Research News

Faculty Innovator: Daniel Fabbri demonstrates academic and entrepreneurial prowess

Since his days growing up in Silicon Valley, Daniel Fabbri, assistant professor of biomedical informatics and computer science in the School of Medicine and School of Engineering, respectively, has always been driven to use his academic knowledge to make an impact. “I never wanted to write papers that sit on the shelf,” he said. “What drives me is to innovate and actually make an impact on people’s lives and influence change.”

Daniel Fabbri

Fabbri earned his Ph.D. from the University of Michigan, Ann Arbor, where he developed innovative technologies in database systems and machine learning when applied to electronic medical records and clinical data. Building on his work in Michigan, Fabbri received a National Science Foundation Innovation Corps award to accelerate translating his new technologies from the lab to commercialization.  In the process, he founded the technology startup Maize Analytics in 2013, with its early offices at the Nashville Entrepreneurship Center.  Over the next years, Fabbri and team grew the employee base, added to the customer base and raised capital from Nashville investors.

“What drives me is to innovate and actually make an impact on people’s lives and influence change.”

In May 2021, Maize Analytics, Fabbri’s company that ensures electronic health record compliance and security, was acquired by SecureLink, an Austin, Texas-based company providing health care IT services to more than 1,000 U.S.-based hospitals. By the time Maize Analytics was acquired, it had grown to employ more than 35 people (including Vanderbilt alumni), earned the title of top patient privacy monitoring solution by industry research and insights firm KLAS in 2021, and had customers across North America—including some of the largest academic and for-profit health systems.

Fabbri credits his and the company’s success, in part, to lessons learned from the Vanderbilt innovation ecosystem. “The Wond’ry and other Vanderbilt resources provide fantastic opportunities to learn from other entrepreneurs and share stories,” he said. “Vanderbilt is the right size for innovation: It has a range of world-class expertise in one place but is not too large to where your asks are ignored.”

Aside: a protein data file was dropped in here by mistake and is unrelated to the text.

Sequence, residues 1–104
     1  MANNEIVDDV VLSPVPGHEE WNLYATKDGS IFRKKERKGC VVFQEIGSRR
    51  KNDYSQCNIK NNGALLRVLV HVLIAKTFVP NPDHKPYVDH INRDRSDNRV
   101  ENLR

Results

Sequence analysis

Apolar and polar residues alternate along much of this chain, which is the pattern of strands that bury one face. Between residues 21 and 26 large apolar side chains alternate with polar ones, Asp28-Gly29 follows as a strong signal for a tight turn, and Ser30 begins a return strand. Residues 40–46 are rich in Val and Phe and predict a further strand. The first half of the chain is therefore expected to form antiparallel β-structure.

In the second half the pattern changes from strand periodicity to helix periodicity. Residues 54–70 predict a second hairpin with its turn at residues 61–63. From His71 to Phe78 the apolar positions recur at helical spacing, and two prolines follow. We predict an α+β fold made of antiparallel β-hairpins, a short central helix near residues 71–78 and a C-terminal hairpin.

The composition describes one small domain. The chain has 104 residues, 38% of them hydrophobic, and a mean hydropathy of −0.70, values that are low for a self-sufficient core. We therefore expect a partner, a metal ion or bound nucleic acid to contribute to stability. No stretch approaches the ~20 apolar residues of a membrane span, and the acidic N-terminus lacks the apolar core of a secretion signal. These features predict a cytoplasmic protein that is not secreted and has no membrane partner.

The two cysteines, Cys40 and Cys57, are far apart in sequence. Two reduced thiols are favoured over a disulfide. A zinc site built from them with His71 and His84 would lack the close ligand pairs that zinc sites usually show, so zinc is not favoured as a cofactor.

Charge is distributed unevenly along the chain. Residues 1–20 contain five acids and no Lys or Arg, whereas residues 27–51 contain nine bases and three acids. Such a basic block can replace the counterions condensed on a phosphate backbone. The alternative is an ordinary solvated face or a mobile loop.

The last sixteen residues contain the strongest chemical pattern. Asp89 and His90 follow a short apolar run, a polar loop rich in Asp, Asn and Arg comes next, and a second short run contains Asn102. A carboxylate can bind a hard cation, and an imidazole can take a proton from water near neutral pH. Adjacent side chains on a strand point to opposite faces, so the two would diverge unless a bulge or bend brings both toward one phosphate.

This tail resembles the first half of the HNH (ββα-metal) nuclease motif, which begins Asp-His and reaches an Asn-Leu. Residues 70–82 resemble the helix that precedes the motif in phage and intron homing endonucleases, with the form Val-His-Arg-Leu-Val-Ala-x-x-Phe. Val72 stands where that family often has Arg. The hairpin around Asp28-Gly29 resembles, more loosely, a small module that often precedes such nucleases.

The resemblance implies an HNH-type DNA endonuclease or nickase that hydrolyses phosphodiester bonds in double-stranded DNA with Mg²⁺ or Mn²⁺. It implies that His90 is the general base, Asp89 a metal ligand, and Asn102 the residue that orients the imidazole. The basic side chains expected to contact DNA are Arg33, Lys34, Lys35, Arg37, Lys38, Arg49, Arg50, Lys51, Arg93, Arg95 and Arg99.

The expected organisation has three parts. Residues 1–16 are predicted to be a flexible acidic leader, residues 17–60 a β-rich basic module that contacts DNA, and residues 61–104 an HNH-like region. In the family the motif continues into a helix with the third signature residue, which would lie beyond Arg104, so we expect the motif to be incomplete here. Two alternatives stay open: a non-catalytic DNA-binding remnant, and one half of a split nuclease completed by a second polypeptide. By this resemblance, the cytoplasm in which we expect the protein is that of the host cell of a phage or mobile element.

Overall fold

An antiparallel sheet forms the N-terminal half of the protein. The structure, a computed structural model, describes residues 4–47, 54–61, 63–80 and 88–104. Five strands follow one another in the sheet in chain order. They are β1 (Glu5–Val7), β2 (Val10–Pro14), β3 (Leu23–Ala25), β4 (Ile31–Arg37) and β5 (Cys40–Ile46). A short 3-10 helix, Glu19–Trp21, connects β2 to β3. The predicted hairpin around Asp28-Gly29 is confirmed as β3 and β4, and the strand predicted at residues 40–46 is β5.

This innovative and collaborative environment has wound through Fabbri’s years at Vanderbilt, particularly as he served as lead investigator for multi-department research projects sponsored by the National Institutes of Health, National Science Foundation and U.S. Department of Defense.

“Daniel’s commitment to bringing his idea to life was an inspiration to his colleagues at the Wond’ry,” said David Owens, Evans Family Executive Director of the Wond’ry and professor of the practice of management and innovation at the Owen Graduate School of Management. “We have been very proud, but not the least bit surprised, of his success and see his work as a beacon for other Vanderbilt students, faculty and staff looking to channel their innovative ideas to solve some of the world’s biggest challenges.” The two were part of VU bioinformatics team studying electronic medical record usability by physicians.

Fabbri is committed to remaining at Vanderbilt as a professor and mentor to other entrepreneurs, though his current role is part-time, while he continues to drive the Maize vision forward and lead data initiatives as the Chief Data Scientist of SecureLink.

“With Maize, I have learned lessons that can be used as a roadmap for future researchers to leverage as they design, build and possibly commercialize projects,” Fabbri said.